First Ride: 2010 BMW S1000RR

BMW launches its four-cylinder S1000RR superbike in Portugal.

2010 BMW S1000RR - First Ride

2010 BMW S1000RR - First Ride

Normally, pinning the throttle wide-open on a liter-class supersport machine while at or near full lean in a corner would spell certain disaster. Common sense rules out grabbing even half a handful of gas while at the apex of a tight bend. Yet despite survival instincts honed through nearly 30 years of riding and racing experience, I found myself at full throttle with my knee skimming the tarmac and wanting even more from the fuel-injected, dohc, four-cylinder engine that powers BMW's new-for-2010S1000RR.

Okay, that's an extreme example of the Bavarian bike maker's race-developed Dynamic Traction Control in action. But it was nevertheless my experience aboard a production S1000RR during the first of several 20-minute sessions at the world press introduction staged this past November at the Autódromo Internacional do Algarve in Portimão, Portugal.

Per BMW's direction, I spent my initial on-track stint in "rain mode," the tamest of the RR's four selectable power-delivery modes that can be toggled on the fly via a handlebar-mounted switch. With a full day of warm, sunny track time ahead, I felt no sense of urgency to explore the more potent Sport, Race or Slick settings. I haven't spent that much time at full twist on a road course since I raced a Kawasaki Ninja 250 back in the day!

A particularly interesting aspect of the DTC strategy is the use of an onboard lean-angle sensor that restricts the ride-by-wire throttle from opening farther when lean angle exceeds a mode-specific maximum bank angle. The lean threshold for rain mode is 38 degrees, which meant it was quite easy to dip into the dead power-delivery zone in dry, grippy conditions. It was a rather odd sensation to experience such a pronounced delay in acceleration until the bike was once again relatively upright at the exit of a corner. I'm anxious to try this mode in actual wet conditions.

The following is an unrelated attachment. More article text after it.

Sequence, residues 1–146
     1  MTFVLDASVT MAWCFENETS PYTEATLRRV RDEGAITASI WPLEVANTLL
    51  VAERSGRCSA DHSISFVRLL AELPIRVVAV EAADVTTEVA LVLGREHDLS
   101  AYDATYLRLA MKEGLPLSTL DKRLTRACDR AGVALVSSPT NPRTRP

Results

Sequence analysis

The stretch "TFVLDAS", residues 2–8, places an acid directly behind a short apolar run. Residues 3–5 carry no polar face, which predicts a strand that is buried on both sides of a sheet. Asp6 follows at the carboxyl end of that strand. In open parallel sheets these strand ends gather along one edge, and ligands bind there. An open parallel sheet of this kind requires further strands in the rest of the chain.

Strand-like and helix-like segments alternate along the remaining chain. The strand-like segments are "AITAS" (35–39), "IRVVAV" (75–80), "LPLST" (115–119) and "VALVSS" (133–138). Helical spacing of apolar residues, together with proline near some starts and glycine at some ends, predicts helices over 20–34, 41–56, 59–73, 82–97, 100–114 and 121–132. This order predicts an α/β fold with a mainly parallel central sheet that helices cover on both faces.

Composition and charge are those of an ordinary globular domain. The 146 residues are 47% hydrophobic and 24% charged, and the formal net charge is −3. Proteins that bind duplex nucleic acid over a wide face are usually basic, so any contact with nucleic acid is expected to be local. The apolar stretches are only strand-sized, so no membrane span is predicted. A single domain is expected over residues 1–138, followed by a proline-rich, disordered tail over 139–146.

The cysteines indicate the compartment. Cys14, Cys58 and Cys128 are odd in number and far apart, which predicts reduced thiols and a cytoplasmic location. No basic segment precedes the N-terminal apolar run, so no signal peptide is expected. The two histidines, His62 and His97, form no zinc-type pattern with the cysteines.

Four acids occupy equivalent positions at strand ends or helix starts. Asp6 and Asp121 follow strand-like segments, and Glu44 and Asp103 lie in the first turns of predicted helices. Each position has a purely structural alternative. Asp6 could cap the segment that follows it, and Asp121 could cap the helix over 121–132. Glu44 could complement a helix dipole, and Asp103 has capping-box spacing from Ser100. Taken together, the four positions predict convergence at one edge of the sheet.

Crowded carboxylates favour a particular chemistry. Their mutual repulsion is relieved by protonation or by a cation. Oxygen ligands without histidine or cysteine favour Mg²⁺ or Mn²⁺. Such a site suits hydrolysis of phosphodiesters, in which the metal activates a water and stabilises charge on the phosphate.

Switching to any of the higher-performing modes unleashed in full the engine's claimed 181 rear-wheel horsepower. Sport tempers initial throttle response, provides greater DTC intervention and a 45-degree max angle for acceleration compared to the one-to-one response and even deeper electronic lean limits of the Race and Slick modes.

The Metzeler RaceTec K3 radials had barely broken a sweat until I put in a series of hard laps in Race. With DTC watching my back, I was able to execute controlled slip-'n'-grip drives out of nearly every corner of the 13-turn circuit with remarkable ease. Apparently, the throttle control and sense for available traction that I've carefully honed during the past three decades has been rendered obsolete. Button-mashing video gamers should feel right at home on this new Beemer. And I haven't even discussed the Race ABS brake system!

One thing is certain: The S1000RR is the real deal. BMW has finally produced a sportbike that performs on par with the current competition from Austria, Italy and Japan. Look for a full riding impression of the S1000RR in an upcoming issue of Cycle World.

2010 BMW S1000RR

2010 BMW S1000RR

2010 BMW S1000RR

2010 BMW S1000RR

2010 BMW S1000RR

2010 BMW S1000RR

2010 BMW S1000RR

2010 BMW S1000RR

2010 BMW S1000RR

2010 BMW S1000RR